Rob Pruitt’s Flea Market, an all-encompassing and bountiful work, is also an irreverent commentary about the relationship between art and commerce. Pruitt invited 80 artists to participate in Flea Market, where visitors could contemplate the artwork, bargain-hunt for vintage clothing and posters, have their tarot cards read, or enjoy a cocktail.
At this unusual flea market, set up in the salon d’honneur at the Monnaie de Paris, artists present objects that are dear to them, or that they have made themselves, peddle the excess from their cupboards, sell their masterpieces and create participative events.
Playfully critical of the structures of the art world, and reminiscent of traditional pop art, Rob Pruitt’s work is interpreted equally as the organisation of sensational events and as simple presentations, revealing the creative potential concealed at the heart of our daily lives.
From his glittery paintings of panda bears to his sculptural blue jeans, Pruitt’s work is invariably imbued with incisive humour and an exuberant visual talent. He creates environments in which visitors are free to improvise and experiment, beyond the traditional art realm.
The American artist debuted Flea Market at the Gavin Brown gallery in New York in 2000, where he succeeded in gathering artists like Elizabeth Peyton, Piotr Uklanski and Rikrit Tiravanija, who sold all kinds of merchandise, from prints to handmade objects, in a bric-a-brac setting.
For Frieze 2007, Rob Pruitt persuaded the gallery owner to transform his space into a large flea market where artists would sell affordable editions alongside vinyl records and vintage clothing. In 2009, at the Tate Modern in London, accompanied by Gavin Turk, Tracey Emin and others, he presented a new version of the market as an ironic alternative to traditional Christmas shopping.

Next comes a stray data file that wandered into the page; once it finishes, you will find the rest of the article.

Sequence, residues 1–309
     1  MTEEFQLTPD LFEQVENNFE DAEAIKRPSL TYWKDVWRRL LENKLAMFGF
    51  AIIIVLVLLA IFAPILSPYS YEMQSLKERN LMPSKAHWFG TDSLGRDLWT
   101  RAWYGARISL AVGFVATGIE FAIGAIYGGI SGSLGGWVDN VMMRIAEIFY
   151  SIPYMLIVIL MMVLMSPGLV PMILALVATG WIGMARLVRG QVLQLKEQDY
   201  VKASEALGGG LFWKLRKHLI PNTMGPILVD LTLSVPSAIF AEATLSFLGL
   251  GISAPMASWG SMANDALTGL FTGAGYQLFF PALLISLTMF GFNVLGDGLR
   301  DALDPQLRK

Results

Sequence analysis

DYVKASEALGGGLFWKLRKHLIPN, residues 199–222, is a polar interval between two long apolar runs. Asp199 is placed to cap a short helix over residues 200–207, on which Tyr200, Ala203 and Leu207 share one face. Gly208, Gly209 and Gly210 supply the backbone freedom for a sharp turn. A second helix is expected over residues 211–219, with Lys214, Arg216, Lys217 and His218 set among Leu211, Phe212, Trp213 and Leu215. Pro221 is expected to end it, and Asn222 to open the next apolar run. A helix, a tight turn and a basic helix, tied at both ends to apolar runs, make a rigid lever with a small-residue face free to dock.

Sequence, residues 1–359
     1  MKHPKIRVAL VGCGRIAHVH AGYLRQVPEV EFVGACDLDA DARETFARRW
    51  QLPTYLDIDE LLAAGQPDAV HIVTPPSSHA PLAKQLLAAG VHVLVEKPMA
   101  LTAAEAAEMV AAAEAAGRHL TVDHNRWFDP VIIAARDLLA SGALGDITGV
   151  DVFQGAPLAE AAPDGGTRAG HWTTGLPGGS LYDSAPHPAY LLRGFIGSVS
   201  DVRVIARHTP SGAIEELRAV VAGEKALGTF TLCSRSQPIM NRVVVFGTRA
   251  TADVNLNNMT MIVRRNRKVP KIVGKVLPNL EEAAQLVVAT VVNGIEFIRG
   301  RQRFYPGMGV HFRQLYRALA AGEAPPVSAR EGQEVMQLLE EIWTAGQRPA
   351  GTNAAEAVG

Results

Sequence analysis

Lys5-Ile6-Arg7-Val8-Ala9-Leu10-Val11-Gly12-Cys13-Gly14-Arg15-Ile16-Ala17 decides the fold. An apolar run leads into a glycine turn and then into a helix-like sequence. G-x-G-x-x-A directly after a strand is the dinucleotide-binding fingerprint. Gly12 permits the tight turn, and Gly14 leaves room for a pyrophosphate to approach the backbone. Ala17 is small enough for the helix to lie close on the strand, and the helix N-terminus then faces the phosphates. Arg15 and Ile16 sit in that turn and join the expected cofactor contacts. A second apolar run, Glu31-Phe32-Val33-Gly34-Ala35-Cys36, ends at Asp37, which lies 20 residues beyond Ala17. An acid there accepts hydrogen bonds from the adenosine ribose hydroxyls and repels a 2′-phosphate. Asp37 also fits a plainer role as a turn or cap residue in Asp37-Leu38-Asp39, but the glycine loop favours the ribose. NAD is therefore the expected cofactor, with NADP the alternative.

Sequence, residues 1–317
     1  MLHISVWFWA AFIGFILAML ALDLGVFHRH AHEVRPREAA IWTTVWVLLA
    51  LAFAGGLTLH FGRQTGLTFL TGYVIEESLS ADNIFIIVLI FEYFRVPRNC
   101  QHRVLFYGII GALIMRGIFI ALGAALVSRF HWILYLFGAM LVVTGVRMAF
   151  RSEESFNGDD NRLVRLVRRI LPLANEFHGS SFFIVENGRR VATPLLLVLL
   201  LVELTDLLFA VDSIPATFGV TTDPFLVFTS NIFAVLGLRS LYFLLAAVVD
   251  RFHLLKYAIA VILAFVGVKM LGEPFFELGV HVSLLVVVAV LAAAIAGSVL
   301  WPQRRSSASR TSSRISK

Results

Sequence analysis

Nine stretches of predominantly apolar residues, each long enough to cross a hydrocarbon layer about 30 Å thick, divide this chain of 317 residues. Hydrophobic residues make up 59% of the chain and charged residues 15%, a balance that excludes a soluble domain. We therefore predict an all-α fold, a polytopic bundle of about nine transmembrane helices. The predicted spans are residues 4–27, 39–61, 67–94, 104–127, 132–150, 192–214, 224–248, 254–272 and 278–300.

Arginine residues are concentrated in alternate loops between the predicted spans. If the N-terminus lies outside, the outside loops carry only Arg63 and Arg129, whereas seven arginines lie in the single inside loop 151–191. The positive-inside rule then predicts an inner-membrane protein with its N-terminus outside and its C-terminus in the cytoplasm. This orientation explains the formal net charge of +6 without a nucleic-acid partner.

… Playfully critical of the structures of the art world, and reminiscent of traditional pop art.
Born in Washington in 1964, Rob Pruitt currently lives and works in New York. His work was exhibited in 2013 at the Aspen Art Museum, in 2012 at the Kunstverein de Fribourg, and in 2011 at the celebrated Air de Paris gallery. In 2010, the Guggenheim Museum in New York presented the Rob Pruitt's 2010 Art Awards ceremony/performance. In 2002, the Consortium de Dijon held an exhibition of his work.
In 2010, the artist was featured in the Fresh Hell exhibit at the Palais de Tokyo in Paris. In 2009, his work appeared in the Touched exhibition at the Liverpool Biennial. In 2005, the François Pinault Foundation opened the Punta della Dogana in Venice and displayed Pruitt’s work in Mapping the Studio. That same year, he was featured in the Seeing Double exhibition at the Andy Warhol Museum in Pittsburgh. In 2002, he took part in the Shanghai Biennial, and in 2000, in the Protest and Survive exhibition at the Whitechapel Art Gallery in London.